The marshlands of the Wadden Sea National Park in southern Jutland in Denmark are a vast horizontal landscape, UNESCO World Heritage Site-listed, and famed for the millions of migratory birds that stop for food on their way north and south.
“You have this enormous horizon, so we tried to make the building rise from the ground,” says architect Dorte Mandrup of the Wadden Sea Centre, a 2,800-square-metre reimagining of the visitors’ centre that incorporates a new exhibition space. Composed mostly of thatched walls and roofs, the four-winged building sits low, almost camouflaged in the landscape. It dares not upstage the almost monochromatic surroundings.
The project arose from a 2014 competition for which Mandrup’s proposal drew on the area’s history of Viking settlements and traditional thatched roofs made of reed from the marshes. Both sources provided age-old solutions to perennial problems: the Vikings erected their buildings on raised platforms to prevent flooding, while thatch has been used for centuries to cope with the extreme coastal conditions.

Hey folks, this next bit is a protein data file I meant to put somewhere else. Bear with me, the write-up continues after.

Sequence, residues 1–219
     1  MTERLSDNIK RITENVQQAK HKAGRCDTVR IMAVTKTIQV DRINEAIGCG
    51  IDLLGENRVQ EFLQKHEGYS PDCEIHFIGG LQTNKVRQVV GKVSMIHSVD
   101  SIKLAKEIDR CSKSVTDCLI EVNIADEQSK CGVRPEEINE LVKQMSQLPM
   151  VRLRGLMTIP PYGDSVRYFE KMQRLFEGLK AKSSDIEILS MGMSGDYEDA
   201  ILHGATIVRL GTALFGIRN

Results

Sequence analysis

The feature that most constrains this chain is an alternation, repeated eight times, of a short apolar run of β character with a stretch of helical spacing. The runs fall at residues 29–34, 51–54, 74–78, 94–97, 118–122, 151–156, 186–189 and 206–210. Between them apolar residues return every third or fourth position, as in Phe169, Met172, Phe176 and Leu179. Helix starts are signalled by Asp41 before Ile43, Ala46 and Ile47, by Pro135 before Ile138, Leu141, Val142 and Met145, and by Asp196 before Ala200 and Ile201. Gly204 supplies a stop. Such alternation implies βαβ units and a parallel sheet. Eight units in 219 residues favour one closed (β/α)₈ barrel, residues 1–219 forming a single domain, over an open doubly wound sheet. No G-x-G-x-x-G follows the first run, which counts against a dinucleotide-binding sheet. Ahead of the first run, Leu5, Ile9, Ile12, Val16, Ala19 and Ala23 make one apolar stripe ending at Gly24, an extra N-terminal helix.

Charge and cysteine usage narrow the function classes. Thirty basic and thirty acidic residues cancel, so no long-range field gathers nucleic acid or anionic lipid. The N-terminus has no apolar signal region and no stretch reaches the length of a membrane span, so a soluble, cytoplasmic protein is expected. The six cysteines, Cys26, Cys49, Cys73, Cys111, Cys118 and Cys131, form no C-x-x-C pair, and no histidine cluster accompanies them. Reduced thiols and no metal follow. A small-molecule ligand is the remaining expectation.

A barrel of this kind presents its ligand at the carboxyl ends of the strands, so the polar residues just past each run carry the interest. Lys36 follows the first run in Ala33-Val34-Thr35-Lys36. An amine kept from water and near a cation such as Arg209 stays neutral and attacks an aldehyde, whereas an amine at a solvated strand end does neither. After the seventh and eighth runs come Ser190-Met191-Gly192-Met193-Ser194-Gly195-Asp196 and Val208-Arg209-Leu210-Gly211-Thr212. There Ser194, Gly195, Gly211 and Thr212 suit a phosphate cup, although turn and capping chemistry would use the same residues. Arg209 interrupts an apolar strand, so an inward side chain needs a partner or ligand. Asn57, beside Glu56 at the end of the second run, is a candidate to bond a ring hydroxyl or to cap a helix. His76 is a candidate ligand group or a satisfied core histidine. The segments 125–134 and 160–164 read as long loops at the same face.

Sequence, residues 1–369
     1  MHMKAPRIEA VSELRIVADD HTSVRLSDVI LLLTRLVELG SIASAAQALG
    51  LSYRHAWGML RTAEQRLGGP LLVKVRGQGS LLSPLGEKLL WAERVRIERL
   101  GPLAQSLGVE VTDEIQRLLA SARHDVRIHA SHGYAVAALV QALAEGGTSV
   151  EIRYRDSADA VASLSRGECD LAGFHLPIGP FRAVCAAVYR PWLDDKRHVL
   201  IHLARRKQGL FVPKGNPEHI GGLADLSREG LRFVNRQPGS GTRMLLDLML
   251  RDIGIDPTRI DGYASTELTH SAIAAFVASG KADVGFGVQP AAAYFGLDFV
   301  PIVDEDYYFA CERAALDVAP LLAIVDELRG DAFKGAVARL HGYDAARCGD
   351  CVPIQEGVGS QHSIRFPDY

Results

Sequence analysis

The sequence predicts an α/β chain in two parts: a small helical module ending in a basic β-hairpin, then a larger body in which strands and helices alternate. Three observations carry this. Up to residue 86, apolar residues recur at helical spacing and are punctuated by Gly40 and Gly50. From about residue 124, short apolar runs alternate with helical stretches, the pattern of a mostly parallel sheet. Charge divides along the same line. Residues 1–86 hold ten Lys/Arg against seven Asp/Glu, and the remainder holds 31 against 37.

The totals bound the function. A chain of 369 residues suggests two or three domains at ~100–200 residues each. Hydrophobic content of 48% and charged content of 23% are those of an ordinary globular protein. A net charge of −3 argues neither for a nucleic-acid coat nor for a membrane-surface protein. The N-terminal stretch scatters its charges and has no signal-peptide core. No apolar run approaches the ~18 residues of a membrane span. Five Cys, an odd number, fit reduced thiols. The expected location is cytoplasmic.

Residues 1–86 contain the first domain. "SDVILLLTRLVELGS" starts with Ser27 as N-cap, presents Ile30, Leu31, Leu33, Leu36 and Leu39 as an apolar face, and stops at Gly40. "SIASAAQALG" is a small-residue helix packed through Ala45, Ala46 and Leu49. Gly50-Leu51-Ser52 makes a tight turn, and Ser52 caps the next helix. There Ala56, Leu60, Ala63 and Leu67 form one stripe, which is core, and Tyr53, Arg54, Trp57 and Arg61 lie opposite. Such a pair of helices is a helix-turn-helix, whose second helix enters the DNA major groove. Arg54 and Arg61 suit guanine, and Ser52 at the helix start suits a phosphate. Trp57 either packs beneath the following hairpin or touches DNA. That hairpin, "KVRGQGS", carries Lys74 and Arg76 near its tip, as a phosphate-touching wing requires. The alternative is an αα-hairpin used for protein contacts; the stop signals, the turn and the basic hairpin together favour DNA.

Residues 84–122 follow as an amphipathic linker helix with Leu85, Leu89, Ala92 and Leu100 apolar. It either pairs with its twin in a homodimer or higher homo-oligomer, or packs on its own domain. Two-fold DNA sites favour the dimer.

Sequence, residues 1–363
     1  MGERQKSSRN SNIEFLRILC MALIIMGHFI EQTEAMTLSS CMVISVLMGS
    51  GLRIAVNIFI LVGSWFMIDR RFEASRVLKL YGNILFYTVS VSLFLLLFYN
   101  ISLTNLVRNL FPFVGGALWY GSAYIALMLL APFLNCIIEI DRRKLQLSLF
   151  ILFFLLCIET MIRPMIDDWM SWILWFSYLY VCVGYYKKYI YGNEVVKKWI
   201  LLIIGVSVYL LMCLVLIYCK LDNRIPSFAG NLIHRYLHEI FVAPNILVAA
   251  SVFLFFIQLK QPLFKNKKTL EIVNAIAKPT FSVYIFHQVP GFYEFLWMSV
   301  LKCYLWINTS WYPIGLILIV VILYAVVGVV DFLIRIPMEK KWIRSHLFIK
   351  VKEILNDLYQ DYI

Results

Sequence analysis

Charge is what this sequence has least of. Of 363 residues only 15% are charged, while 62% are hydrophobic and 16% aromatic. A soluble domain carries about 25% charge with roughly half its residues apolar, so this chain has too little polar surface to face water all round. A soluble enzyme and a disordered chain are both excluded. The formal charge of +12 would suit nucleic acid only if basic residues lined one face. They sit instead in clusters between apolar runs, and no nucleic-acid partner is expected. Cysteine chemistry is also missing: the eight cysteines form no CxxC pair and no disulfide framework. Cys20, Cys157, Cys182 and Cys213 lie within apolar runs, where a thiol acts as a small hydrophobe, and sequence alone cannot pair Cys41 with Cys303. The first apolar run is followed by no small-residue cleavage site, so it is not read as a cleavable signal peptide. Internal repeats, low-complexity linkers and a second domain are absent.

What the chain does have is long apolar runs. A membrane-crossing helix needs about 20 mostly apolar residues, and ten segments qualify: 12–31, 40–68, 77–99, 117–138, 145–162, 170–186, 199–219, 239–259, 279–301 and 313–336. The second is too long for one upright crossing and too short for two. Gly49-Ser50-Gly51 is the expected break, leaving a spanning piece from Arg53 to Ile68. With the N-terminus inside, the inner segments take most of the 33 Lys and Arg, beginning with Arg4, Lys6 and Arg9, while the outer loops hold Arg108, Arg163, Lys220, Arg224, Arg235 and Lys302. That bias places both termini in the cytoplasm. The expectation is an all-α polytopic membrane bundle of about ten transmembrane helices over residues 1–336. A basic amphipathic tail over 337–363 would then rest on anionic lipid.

“Thatch is very good for salt water because it’s naturally impregnated by the salt, whereas steel and everything else is bad,” says Mandrup. “Plus, it’s a beautiful way of working. There’s no cutting, and you ram the bundles of reeds into place.” One challenge was to upgrade the documented standards around thatching usually done by father-and-son-type operations.
For the interiors, where there are exhibition and laboratory spaces, Mandrup aimed to make visitors’ spirits soar as if they were watching birds in flight. By angling the walls where they meet the gabled roof, the firm created dramatic spatial shapes and flooded most of the rooms with natural light from skylights.
“We designed the space so you have the daylight at the end of your line of sight. The experience should be like being in a swarm of birds flying towards the daylight.”